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Dual Diagnosis Treatment | Dual Diagnosis and Substance Abuse Treatment Center
Dual Diagnosis Overview -
Both addiction and mental illness are brain diseases. This condition is called dual diagnosis or co-occurring disorders. Understanding that they often occur together can be a critical element in treating addiction. A person who is susceptible to one type of brain disease such as addiction may also be vulnerable to another. Both addiction and mental illness often involve the same pathways, molecules and chemicals in the brain.
When a client is found to be suffering from a co-occurring disorder such as depression, bipolar disorder, or post traumatic stress disorder, they are given the opportunity to address these issues during treatment, thereby creating the potential for understanding and resolution. This is often a critical component of successful recovery and one of the many things that sets Challenges apart from other treatment centers.
Substance Abuse Treatment for Those with Co-Occurring Disorders -
At Challenges Substance Abuse Treatment Center for Addiction and Relapse Prevention Treatment, we help break through the stereotypical labeling that a person dealing with mental illness issues inevitably faces in today’s society. Our substance abuse treatment center clients are given opportunities to learn appropriate socialization skills, have access to recreational activities and develop peer relationships with other people learning to stay sober one day at a time.
Some people begin abusing drugs or alcohol as a form of self-medication. Drugs abuse often starts as a way to temporarily relieve some of the pain symptoms associated with mental illness, such as stress, anxiety, social inhibitions or depression. All too quickly, self-medication can often turn into full-fledged abuse that becomes very difficult to control.
Our substance abuse professionals have extensive experience with men and women with a dual diagnosis. We address the severity and intensity of each client’s mental health and substance disorders including affective disorders, personality traits, chronic pain and trauma-related issues. Challenges clients receive medication, education and learn how brain chemistry plays a major role not only in their recovery, but also in their goal of life-long sobriety.
The “Challenges” treatment program focuses on not only effectively treating the addiction, but also on providing unparalleled relapse care for clients with dual diagnosis or co-occurring disorders. The focus is on identifying the importance of how a client’s physical, mental/emotional, social and spiritual well-being will be positively affected by the changes they experience while in treatment, as well as on assisting clients through technology and other means in aftercare.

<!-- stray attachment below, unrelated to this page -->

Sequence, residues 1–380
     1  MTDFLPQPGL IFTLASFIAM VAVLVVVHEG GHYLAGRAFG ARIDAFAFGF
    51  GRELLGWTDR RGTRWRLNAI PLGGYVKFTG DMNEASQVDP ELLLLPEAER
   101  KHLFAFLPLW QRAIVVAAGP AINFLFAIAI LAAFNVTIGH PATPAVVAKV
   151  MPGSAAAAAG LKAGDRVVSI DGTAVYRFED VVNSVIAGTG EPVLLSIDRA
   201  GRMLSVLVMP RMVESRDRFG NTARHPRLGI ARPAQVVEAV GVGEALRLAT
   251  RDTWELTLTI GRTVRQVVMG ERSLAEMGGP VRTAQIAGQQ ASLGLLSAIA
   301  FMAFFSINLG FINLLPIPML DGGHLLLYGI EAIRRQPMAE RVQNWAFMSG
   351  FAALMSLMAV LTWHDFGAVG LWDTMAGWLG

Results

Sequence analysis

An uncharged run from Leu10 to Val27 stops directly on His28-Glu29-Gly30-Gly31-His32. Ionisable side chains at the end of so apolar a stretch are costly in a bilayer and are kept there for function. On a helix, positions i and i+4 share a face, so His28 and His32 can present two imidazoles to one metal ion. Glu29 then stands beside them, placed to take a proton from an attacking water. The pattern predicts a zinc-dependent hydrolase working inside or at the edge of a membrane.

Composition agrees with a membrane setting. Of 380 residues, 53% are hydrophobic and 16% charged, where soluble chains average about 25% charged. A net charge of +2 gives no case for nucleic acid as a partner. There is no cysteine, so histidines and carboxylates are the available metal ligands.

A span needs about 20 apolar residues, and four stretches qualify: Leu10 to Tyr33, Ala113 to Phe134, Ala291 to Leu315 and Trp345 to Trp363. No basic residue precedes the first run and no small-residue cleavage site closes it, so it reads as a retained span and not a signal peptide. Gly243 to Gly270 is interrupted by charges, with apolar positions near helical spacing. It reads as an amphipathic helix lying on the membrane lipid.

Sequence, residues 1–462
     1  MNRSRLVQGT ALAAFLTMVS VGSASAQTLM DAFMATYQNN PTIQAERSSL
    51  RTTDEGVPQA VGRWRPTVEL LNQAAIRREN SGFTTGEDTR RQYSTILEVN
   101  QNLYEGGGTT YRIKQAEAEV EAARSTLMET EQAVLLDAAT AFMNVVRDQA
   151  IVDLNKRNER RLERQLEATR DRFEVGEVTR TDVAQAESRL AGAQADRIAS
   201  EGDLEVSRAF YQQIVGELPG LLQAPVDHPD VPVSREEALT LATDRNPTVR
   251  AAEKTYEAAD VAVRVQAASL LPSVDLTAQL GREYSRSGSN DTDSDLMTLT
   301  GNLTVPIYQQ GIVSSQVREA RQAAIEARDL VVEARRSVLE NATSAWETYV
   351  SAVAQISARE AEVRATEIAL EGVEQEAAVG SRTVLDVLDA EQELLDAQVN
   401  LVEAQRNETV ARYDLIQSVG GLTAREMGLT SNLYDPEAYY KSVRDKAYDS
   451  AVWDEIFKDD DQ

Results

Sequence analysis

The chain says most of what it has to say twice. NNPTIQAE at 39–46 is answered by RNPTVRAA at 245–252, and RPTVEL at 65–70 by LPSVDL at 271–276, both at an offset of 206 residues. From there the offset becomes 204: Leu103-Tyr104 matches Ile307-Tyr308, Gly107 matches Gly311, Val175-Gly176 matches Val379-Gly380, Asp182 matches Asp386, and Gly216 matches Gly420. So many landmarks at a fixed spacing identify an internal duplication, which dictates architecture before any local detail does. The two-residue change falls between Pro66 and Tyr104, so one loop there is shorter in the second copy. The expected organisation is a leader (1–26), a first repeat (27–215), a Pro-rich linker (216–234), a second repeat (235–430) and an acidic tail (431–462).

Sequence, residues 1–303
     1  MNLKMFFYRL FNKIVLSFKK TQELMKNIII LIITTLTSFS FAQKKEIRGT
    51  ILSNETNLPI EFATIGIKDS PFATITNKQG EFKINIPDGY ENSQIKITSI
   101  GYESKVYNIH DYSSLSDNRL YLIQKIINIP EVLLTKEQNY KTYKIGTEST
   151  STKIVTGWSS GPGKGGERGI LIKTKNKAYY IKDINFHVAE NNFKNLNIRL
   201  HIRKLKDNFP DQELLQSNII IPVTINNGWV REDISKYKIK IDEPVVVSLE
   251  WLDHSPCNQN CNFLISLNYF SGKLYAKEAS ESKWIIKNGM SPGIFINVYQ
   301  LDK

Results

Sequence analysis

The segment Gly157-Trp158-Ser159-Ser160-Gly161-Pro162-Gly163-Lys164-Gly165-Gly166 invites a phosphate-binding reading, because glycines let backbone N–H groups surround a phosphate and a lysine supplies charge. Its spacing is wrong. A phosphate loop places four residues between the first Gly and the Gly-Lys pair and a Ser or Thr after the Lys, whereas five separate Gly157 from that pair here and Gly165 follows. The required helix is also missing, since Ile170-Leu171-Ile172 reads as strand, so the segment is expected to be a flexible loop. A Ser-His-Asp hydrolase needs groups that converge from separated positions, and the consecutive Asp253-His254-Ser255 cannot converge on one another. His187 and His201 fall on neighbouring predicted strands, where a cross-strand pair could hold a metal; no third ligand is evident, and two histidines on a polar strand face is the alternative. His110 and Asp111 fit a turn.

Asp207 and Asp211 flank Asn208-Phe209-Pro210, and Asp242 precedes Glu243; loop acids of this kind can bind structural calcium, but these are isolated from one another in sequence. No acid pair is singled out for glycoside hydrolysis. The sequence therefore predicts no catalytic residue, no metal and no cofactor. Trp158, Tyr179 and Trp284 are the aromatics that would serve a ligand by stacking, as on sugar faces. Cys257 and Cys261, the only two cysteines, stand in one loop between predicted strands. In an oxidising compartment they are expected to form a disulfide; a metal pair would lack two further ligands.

Treating Dual Diagnosis Clients At Challenges -
Upon admission to Challenges Addiction and Relapse Prevention Treatment Center, each client undergoes an extensive and detailed medical and psychiatric assessment. This allows the Challenges Treatment Team to determine and assess any underlying mental health issues that may be causing or contributing to the client’s condition, and that may be acting in concert with other addictive disorders, compulsive behaviors and chemical dependency to negatively impact upon the client’s state of health and future prognosis.
Our approach to treating addiction is both holistic and individualized in that it fully takes into account the special needs of individuals with co-occurring disorders. Upon admission, clients are scheduled to meet with a Board Certified Psychiatrist and Addictionologist, together with a full range of other mental health, addiction treatment and relapse prevention specialists.
The clients’ history and medications are reviewed and adjusted, if necessary, in order to stabilize and allow them to fully participate in their addiction treatment planning and program. In addition to group therapy and special primary groups, special one-on-one individual therapy sessions are also scheduled. This allows a dual diagnosis client with co-occurring disorders to work through some of the special frustrations and issues they must deal with daily, and sets them on a path to a successful recovery.
Dual Diagnosis Treatment and The Family -
Drug abuse contributes to family conflict, erodes social support, and generates high levels of expressed emotion, thus disturbing the vitally needed care giving network. A dually diagnosed individual can throw the best of families off balance. Families of dual diagnosis patients are also offered support and education, and encouraged to fully participate in Family Therapy sessions.
Family members are helped through the difficult realization that they cannot stop their loved one’s substance abuse. They can, however, stop doing things like covering it up or making it easier for the dual diagnosis person to continue the denial. Families can learn what they can do about the problem, and in doing so, they will inevitably face the reality that much of it is out of their hands.